J.D. wrote about the three stages of personal finance often. His definitions were:
- The first stage of personal finance involves learning the basics: understanding compound interest, reducing debt, beginning to save.
- The second stage is putting the basics into practice: choosing to live frugally, saving in earnest, and pursuing financial goals.
- The third stage — the “what next?” stage — comes after we've mastered the fundamentals. It's at this point that we begin to ask “why?” Why are we continuing to save? All of our debts are paid, so what's the point? (There certainly is a point, but what is it?)
We thought of these stages when reader Sarah wrote in with her questions. Though she does still have a car loan, she is at that second stage. Here's where she and her husband are in their financial journey.
My husband and I have worked hard over the past five years to crawl out of $36,000 of credit card debt into a much better financial position. We've cut spending and increased earnings and have made amazing progress. However, I would love some input on what to do next. The only debt we currently have is about $14,000 on a car loan. The car is currently worth more than the loan. We have no credit card debt, no student loan debt, and we rent our home (no mortgage). We do not have any children and do not plan on having any. We do not plan on purchasing a home anytime soon, due to the possibility of relocating for work in the next 12 to 18 months. Our main focus was paying off the credit card, then start saving. We now have about $25,000 in cash savings, which equates to about nine months of emergency funds. Neither one of us has anything put toward retirement. Our employment situation is stable for the foreseeable future. My question is: What should we be focused on now that our saving is in a reasonable place? Should we keep adding money to savings? Should we pay off the car loan? Should we start a retirement fund?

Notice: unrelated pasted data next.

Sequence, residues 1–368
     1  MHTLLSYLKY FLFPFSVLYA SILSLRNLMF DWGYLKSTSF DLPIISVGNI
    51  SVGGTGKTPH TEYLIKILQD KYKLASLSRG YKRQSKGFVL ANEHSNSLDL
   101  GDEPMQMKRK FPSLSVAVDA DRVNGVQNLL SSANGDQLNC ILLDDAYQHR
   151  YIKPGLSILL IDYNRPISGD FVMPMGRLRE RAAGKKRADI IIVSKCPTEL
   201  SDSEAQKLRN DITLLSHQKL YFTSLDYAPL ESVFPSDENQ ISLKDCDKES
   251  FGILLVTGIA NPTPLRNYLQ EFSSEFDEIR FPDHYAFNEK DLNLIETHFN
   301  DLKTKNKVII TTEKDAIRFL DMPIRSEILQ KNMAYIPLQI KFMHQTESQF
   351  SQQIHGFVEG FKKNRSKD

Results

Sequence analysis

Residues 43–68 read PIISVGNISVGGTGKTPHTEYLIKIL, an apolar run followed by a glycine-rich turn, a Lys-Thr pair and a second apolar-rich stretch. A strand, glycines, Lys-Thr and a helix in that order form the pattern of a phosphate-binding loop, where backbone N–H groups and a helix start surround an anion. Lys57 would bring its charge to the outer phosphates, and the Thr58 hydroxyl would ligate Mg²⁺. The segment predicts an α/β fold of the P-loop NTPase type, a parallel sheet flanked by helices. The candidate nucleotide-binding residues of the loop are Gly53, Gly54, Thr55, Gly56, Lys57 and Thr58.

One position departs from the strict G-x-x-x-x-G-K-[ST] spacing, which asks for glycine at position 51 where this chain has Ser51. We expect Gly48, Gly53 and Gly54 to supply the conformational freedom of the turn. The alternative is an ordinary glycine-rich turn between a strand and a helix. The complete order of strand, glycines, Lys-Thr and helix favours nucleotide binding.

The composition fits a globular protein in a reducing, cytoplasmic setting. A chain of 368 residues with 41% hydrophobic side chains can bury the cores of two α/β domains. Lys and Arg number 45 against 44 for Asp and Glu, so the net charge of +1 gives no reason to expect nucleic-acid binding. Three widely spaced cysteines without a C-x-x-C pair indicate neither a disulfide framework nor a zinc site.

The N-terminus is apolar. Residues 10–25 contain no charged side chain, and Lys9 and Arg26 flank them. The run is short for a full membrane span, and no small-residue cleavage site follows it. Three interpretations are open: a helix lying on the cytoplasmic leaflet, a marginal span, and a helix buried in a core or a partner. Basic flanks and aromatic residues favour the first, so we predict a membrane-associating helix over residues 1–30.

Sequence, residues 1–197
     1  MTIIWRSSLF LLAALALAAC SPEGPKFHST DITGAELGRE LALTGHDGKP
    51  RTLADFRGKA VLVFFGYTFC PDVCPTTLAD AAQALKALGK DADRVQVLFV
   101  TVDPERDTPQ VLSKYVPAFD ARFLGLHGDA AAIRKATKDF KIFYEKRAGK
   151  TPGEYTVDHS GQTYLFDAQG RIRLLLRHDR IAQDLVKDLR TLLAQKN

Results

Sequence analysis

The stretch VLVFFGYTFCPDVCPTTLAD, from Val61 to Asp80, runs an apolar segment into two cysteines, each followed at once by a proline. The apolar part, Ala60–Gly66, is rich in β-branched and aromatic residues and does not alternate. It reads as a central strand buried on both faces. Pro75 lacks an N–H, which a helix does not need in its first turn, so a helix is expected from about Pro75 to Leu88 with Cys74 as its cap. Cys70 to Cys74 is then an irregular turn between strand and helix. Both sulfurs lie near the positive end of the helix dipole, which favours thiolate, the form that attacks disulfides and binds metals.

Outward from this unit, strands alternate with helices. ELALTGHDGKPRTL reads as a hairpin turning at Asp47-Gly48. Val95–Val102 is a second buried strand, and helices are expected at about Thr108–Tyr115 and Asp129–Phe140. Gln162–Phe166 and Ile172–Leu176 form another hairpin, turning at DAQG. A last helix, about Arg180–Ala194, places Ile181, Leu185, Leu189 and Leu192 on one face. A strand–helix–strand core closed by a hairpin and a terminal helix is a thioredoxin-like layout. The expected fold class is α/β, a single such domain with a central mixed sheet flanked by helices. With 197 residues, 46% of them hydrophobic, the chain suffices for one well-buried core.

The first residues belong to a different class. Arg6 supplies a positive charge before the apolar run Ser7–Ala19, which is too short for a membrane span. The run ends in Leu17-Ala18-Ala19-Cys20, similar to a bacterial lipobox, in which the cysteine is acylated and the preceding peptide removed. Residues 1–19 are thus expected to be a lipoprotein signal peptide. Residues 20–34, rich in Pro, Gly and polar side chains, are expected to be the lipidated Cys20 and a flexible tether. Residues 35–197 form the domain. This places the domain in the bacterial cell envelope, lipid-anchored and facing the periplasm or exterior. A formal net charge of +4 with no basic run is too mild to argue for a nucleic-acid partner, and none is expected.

Sarah and her husband have a nice sum in cash savings, and we'd hate to see them lose their emergency fund to pay off the car. (Not knowing the interest rate on the car loan or the time left on the loan make it hard to know whether to pay this off ASAP or pay it on schedule. According to Experian, the current average new-car loan rate is 4.36 percent.) We'd suggest a two-pronged approach: get those retirement accounts going and get out of that car payment. It seems like they could afford to prioritize contributions to retirement accounts and increase their monthly car payment to significantly reduce the length of the car loan. Would you recommend this approach? What would your next step be if you were in this position?
Author: Ellen Cannon
Ellen Cannon was the editorial director of the financial services sites at QuinStreet from 2010-2015. She has covered personal finance for magazines and websites for more than 20 years, including five years as managing editor of Bankrate.com. She lives in South Florida with her kitty and sunshine.